Why I’d Also Like to Hear a Woman Pray in General Conference

It’s because when I was 18, I set a difficult goal as one of four big projects to earn my Young Women’s Medallion.  I learned how to play one piece of classical music on the piano for every musical era starting with Bach and ending with Gershwin.  It took me months to accomplish.  My young women leaders invited the whole ward to the recital and I expected a crowd because I had seen most of the ward show up over and over again for Eagle Scout Courts of Honor. On the night of the recital only two people came: my home teacher and my Sunday School teacher. I understand that what I did was non-traditional and so people didn’t know that they were supposed to show up like they did for the boys. I want a woman to pray in General Conference, so as a people we learn to start showing up for our daughters as well as our sons.


  1. Ms. Otis Regrets says:

    This breaks my heart. I would have been there Karen! And I would have brought all my sons to hear you. And they would have dressed up in concert-going attire. And they would NOT have played their ipods during the recital. And they would have clapped loudly [albeit appropriately] whence the recital was finished. We would have been there.

  2. I play the piano, but by no means up to that level you accomplished for your Medallion, so I know you worked hard and this was a great achievement. This brings tears to my eyes. I don’t even know you, and I wish I had been there to hear you play and to celebrate your accomplishment.

  3. Wow. I co-directed a children’s play that we cast with the Primary children from our ward. I can hardly remember the ward turnout. I’m so sorry that you put in so much work and were so completely ignored.

  4. I detect a little topic fatigue, or something. Les Mis is hard to compete with, I admit, and women praying in conference is gonna jump that shark pretty soon. But I want to read more from KarenH, who is an interesting and mysterious woman.

    I used to be the (unwritten) secretary/helpmeet for the ward scout troop back in the day. More often than not, when a boy completed his Eagle board of review (the last major hurdle required by BSA) he would consider himself done and try to weasel out of preparing for a COH. Nope, we would tell him, “it’s a troop requirement for you to have a court of honor. Your parents deserve it as well as the younger scouts who look up to you.” Then we would work with his parents in organizing the COH, the scout and his parents would pick their preferred rituals from a well-established array. Every single scout so honored fully enjoyed the event. Often there were powerpoint presentations of the eagle project and/or the boy’s life, speakers, a printed program, refreshments, the Eagles’ Nest ritual, etc. I would make sure everyone knew their assignment and would get the medal kit from the BSA store. Everyone felt happy and full of accomplishment.

    My daughters never finished their YW Medallion. Those in our ward who completed it, did so almost entirely by themselves, with whatever support system they had from their parents and variable YW leaders. There was no system in place to shepherd a flaky young woman or her distracted parents into performing their tasks in sequence. I don’t remember any special event to commemorate the milestone, but I vaguely remember girls receiving a necklace from the bishop at the pulpit during the ward business time of sacrament meeting.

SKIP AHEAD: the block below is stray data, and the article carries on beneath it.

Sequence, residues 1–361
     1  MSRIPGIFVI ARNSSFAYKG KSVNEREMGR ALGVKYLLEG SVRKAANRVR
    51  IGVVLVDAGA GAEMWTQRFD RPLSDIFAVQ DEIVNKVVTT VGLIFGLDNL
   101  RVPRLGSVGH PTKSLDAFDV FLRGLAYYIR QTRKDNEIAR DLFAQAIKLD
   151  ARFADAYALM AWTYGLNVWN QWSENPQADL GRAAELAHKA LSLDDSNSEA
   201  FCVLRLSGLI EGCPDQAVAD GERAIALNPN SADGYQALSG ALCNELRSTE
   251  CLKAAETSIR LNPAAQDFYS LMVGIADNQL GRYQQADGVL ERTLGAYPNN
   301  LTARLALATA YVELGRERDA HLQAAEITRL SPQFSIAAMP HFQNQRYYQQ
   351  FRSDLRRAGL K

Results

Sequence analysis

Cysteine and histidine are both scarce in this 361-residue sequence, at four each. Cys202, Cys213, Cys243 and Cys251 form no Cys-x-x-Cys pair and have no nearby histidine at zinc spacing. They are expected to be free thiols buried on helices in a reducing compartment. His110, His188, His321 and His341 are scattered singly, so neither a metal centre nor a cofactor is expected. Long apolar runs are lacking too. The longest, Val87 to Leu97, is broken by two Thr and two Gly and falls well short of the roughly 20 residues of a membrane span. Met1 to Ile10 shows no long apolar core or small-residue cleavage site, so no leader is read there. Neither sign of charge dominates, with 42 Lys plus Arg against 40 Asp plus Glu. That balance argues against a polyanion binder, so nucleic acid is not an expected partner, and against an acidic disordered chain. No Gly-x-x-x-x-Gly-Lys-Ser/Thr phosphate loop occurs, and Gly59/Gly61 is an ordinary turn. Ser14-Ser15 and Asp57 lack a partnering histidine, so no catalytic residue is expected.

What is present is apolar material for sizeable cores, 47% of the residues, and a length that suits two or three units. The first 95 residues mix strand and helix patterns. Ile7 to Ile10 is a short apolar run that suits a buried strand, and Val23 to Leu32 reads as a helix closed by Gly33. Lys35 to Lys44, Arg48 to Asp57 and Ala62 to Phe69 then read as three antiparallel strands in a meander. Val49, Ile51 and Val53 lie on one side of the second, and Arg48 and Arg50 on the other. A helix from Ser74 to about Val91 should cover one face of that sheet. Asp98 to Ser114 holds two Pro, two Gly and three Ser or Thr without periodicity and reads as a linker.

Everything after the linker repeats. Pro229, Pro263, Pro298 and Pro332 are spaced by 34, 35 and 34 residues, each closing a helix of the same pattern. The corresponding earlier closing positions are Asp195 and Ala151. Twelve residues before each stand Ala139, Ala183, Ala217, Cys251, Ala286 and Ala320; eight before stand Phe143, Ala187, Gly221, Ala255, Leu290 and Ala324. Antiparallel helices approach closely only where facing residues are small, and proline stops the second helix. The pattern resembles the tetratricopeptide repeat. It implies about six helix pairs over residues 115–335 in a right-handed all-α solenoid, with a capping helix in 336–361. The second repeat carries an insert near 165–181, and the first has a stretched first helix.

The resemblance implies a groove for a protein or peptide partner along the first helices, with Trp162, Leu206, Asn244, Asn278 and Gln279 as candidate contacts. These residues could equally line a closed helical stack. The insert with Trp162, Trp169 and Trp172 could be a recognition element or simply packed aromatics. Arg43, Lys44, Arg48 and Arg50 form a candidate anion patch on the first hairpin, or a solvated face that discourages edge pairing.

Karen, your description of your experience is painful to me and I wonder if I might not have better served the YW as their helpmeet. I wonder how many of our YW earned accolades unpresented, simply because there was no institution in place to help it happen. I hope we can learn to do better from lost experiences like this one. Our primary-age girls are depending on us to improve this.

  5. The last line is crucial. The rest breaks my heart. We can do better. We must do better.

  6. Oh, wow, Karen. That is so sad. And so telling.

  7. Karen, I can relate. I did not experience what you experienced but I raised 4 daughters and 7 sons in Mormonism. It is SOOOOO unequal in the LDS church with regard to recognition. For women it is so very very small. I made a chart showing the difference in the level of recognition between the women and the men. It did not look good. Much more blue than pink from baptism to returned missionary.

  8. Sharee Hughes says:

    Karen, my heart weeps for you. If you had been in my ward–I would have been there. I have never attended a Court of Honor and probably never will. But I definitely would have attended your recital.

  9. Concise and thought provoking. Well said.

  10. This breaks my heart, makes me furious and also makes me want to start planning my daughter’s personal progress ward party. Perhaps I’ll have her recital cooincidentally coincide with the ward Christmas party?

  11. Happily the church doesn’t get involved in Scouting over here in the UK so the boys don’t do Eagle Scouts or have Courts of Honour. They do Duty to God, the girls do Personal Progress, and there is about equal recognition for both – an announcement at Stake Conference and a handshake with a certificate or medallion. So maybe it’s Scouting that’s to blame more than the Church as such because it makes a requirement for a Court of Honour whereas the girl’s programme is run by the Church and has no such requirement.

  12. Imasurfer says:

    Gail K #7..I would like to see that chart- can it be posted?

  13. I’m sadden and elated, that is, my brother and I were cub scouts for about two months. Being poor required us to go weekly without a cub shirt (uniform). After being mocked and laughed at for weeks on in…I quit and never went or looked back.